An outbound forum selection clause, by contrast, is a contractual provision stipulating that any litigation between the parties must occur in a forum other than the one in which the suit was filed. By way of example, imagine a scenario where the parties have agreed that any and all disputes relating to their contract must be litigated in California. This agreement notwithstanding, one party files a lawsuit against the other in Texas state court. The defendant asks the Texas court to enforce the forum selection clause and dismiss the case because it should have been brought in California. In this context, the forum selection clause functions as an outbound clause because it stipulates that litigation must occur in a forum (California) other than the one in which the suit was filed (Texas). To be clear, the outbound clause does not deprive the Texas court of jurisdiction to hear the case. It merely provides the Texas court with a reason to refrain from exercising that jurisdiction because the parties have previously agreed that the dispute must be resolved elsewhere.
It is impossible to know whether a particular contract provision functions as an outbound clause or an inbound clause merely by looking at the language in the clause. The distinction only manifests after a lawsuit is filed. This means that the exact same contract provision may operate as an outbound clause in one case and an inbound clause in another. Inbound clauses are used offensively by plaintiffs to obtain jurisdiction over the defendant in the chosen forum. In the inbound context, the forum selection clause is a sword. Outbound clauses are used defensively by defendants who want to redirect litigation to the chosen forum. In the outbound context, the forum selection clause is a shield.
In this Article, we are concerned exclusively with inbound clauses. We address outbound clauses in other work. The question of whether an inbound clause is enforceable generally arises in one of two contexts. First, it may arise when a plaintiff invokes the clause as a basis for asserting personal jurisdiction over the defendant in a lawsuit. This is the most common scenario where one party seeks to enforce an inbound forum selection clause against the other. Second, the question may arise when one party seeks to enforce a default judgment previously rendered by a court in another state. A default judgment is a judgment entered by the court after a defendant fails to appear after receiving notice of the action. As a general rule, prior judgments may not be challenged in subsequent enforcement proceedings. When the judgment is a default judgment, however, the defendant may defeat the enforcement action if he can show that the rendering court lacked personal jurisdiction over the defendant. In situations where the sole basis for the assertion of personal jurisdiction by the rendering court is an inbound forum selection clause, therefore, the defendant may prevail in a subsequent enforcement action if she can persuade the enforcing court that the inbound clause was not enforceable.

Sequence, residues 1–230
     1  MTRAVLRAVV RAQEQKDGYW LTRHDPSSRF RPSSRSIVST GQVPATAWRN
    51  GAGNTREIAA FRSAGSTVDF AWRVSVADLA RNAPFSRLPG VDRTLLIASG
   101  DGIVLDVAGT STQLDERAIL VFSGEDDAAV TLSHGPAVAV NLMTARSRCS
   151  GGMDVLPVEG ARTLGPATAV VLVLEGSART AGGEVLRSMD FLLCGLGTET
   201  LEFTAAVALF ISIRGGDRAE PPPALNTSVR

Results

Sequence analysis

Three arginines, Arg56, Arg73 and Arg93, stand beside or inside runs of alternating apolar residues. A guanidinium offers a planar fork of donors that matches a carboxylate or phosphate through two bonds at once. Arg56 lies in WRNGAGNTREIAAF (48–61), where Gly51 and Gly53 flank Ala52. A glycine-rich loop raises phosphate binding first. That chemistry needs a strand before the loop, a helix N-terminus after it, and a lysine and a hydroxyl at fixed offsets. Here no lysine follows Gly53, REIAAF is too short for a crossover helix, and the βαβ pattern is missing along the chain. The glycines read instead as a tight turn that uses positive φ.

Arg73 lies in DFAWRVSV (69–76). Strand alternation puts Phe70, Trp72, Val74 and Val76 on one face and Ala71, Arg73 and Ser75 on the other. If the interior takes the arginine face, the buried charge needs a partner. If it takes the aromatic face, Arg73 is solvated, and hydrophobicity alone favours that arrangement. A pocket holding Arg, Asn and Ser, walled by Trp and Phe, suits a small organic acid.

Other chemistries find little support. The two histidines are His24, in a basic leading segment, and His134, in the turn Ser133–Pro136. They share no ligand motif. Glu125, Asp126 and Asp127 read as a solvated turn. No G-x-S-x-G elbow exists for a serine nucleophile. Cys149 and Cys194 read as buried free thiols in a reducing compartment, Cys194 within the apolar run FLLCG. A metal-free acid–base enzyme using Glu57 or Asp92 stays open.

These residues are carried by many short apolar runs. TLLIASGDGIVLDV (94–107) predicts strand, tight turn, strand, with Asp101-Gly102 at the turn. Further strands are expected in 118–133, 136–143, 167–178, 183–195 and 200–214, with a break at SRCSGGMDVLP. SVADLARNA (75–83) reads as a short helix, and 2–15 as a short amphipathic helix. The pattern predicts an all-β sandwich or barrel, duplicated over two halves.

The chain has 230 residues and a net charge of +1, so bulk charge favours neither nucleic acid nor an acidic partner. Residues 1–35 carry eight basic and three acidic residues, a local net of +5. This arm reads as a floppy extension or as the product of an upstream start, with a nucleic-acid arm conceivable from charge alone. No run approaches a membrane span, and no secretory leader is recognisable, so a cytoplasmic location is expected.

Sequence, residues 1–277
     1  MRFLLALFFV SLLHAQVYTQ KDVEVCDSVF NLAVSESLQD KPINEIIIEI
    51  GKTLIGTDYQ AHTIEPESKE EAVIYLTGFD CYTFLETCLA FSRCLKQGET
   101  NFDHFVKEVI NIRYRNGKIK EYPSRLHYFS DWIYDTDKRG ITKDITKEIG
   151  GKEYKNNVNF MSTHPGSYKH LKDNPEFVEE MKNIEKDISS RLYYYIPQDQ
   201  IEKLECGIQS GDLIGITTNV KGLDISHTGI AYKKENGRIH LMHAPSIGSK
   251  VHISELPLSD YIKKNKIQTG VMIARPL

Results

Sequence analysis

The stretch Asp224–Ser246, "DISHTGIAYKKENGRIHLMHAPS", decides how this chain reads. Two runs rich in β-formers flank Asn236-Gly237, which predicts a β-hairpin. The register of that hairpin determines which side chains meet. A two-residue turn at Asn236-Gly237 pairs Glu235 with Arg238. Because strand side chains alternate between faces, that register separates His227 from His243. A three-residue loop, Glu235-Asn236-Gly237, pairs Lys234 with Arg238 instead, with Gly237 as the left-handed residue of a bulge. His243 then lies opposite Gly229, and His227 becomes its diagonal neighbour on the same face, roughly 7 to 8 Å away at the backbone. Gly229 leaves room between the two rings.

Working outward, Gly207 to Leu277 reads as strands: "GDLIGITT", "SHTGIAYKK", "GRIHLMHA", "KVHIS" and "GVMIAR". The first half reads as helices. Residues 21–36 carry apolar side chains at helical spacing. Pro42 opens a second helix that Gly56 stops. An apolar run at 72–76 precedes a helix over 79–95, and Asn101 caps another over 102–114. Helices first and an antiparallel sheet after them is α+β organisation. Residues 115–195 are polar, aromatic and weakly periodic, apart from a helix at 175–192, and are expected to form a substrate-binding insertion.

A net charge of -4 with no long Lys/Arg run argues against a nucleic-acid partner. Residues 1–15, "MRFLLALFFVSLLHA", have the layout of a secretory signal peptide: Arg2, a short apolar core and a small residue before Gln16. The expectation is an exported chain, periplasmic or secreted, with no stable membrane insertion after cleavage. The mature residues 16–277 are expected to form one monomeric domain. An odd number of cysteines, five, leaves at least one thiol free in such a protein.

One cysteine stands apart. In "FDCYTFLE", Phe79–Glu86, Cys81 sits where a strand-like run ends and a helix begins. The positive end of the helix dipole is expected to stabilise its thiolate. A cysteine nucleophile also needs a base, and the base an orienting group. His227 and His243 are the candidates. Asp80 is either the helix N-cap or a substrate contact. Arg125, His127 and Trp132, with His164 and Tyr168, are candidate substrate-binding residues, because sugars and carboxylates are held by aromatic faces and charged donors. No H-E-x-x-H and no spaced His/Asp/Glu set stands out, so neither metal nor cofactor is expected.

Courts and commentators routinely overlook the differences between outbound and inbound clauses. This is unfortunate because the clauses present very different issues. If an outbound forum selection clause is enforced, the plaintiff may not sue in her preferred forum. She must instead refile her claim in the court named in the forum selection clause. If an inbound clause is enforced, the court asserts power over a defendant. This assertion of power may ultimately lead to a judgment by which the defendant is ordered to pay money damages. If the defendant refuses to pay, the sheriff may be dispatched to seize her property and sell it at auction. When it comes to the enforcement of forum selection clauses, the stakes are generally higher in the inbound context. Nevertheless, judges and scholars regularly fail to clearly distinguish between outbound and inbound clauses.